Stress is both directly associated with lower life expectancy, and associated with an increase in unhealthy behaviours that shorten your lifespan, including smoking, alcohol abuse, and reduced exercise. Seven out of ten leading causes of death in the world are directly linked to stress, while as many as 60% of lost working days may be linked to work-related stress.
Eustress and strain
However, stress can also be a positive influence on wellbeing as part of challenges you feel capable of overcoming. In the words of one paper, stress becomes an issue when it is “mismanaged… too intense, or too frequent, or too prolonged”. In this light, negative stress is often referred to as strain and positive stress as eustress.
Eustress is a positive marker of engagement and excitement, linked to beneficial feelings of control, impact and flow. The rest of this article will describe methods for reducing stress, using this general term for simplicity and ease of understanding. However, these interventions are more specifically targeted at creating the conditions to turn challenges into experiences of eustress rather than strain.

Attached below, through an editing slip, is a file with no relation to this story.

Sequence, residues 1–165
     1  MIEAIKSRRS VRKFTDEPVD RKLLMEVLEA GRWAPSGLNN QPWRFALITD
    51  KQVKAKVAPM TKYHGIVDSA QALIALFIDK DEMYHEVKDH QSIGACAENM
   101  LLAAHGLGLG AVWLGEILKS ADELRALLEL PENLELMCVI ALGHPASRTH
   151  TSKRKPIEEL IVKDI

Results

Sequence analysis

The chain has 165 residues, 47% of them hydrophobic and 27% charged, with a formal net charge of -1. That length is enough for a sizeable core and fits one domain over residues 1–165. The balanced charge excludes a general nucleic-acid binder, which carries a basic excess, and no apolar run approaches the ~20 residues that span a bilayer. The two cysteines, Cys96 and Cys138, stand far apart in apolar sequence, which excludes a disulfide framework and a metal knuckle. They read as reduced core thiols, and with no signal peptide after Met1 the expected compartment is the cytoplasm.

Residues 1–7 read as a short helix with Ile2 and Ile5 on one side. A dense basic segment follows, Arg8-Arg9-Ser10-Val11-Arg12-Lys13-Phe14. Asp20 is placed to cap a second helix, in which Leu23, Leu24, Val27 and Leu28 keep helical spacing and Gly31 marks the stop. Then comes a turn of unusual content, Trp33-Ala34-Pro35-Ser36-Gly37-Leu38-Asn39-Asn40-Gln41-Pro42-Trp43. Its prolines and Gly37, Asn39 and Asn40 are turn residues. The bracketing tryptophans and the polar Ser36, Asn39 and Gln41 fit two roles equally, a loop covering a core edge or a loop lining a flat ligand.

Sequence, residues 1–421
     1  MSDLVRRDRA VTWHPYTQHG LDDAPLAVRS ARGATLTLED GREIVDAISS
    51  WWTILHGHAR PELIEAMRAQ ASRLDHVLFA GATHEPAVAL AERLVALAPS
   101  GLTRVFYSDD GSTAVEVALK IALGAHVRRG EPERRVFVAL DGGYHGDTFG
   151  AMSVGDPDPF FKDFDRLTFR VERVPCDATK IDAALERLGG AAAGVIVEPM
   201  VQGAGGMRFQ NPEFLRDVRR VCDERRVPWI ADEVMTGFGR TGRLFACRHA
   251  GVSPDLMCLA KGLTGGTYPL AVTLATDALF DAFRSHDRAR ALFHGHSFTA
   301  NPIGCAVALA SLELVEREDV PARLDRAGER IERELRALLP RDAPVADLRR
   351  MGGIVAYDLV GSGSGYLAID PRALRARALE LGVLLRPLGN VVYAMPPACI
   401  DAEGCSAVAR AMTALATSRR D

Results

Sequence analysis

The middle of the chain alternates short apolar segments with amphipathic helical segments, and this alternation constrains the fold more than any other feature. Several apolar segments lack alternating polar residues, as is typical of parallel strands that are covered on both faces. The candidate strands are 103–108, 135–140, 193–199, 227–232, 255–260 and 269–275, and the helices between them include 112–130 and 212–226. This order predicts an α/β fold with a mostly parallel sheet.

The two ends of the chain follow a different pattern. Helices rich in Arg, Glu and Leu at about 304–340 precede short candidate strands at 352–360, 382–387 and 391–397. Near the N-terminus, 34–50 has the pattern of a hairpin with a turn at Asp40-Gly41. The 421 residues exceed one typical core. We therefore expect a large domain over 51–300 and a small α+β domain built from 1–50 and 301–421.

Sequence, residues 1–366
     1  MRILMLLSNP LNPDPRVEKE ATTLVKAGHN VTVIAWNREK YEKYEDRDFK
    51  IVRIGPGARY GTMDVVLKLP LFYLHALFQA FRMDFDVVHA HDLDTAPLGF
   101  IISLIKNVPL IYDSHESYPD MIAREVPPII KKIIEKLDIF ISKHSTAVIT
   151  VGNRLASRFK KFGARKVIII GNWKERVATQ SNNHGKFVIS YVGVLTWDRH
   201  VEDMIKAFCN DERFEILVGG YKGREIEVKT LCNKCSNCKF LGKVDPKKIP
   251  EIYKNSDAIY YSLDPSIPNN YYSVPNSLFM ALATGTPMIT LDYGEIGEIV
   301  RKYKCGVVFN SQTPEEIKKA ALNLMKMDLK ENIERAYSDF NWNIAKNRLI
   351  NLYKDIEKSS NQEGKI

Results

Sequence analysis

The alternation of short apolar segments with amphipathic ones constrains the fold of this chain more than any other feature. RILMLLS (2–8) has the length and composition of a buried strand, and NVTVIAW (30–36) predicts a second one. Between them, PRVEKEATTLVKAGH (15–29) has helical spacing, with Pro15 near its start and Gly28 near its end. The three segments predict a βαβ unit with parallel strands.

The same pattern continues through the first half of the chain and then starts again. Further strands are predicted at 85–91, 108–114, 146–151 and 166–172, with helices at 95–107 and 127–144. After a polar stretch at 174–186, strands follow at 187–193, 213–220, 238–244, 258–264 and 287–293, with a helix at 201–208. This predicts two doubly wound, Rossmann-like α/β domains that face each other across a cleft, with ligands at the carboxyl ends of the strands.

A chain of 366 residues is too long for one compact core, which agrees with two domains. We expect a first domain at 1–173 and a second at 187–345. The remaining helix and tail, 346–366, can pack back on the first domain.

Taking stress personally
Stress (or strain) can also be an indicator of an underlying issue in your life that you are avoiding tackling, neatly described elsewhere as an ugh field. A quick perceived stress test can be a useful starting point for assessing your experience and helping to notice an underlying pattern of stress.
Financial difficulty, breakdowns in important relationships, and harmful work environments are key causes of stress. If any of these things are significant issues in your life, working to solve them directly is likely to be more impactful for your stress levels, and general wellbeing, than any of the main recommendations of this article.
The ‘Additional Recommendations’ section at the bottom of the article covers suggestions for addressing these areas in more depth, along with other ideas that seem of plausibly significant benefit but lack scientific research into their effectiveness.
Discussion of Primary Recommendations
The top 5 most effective interventions reviewed, discussed in order of effect size.
Cognitive Behavioural Therapy (CBT)
Size of effect: 54.26%
Intervention: An 8-week CBT programme, either in-person, online or via an app.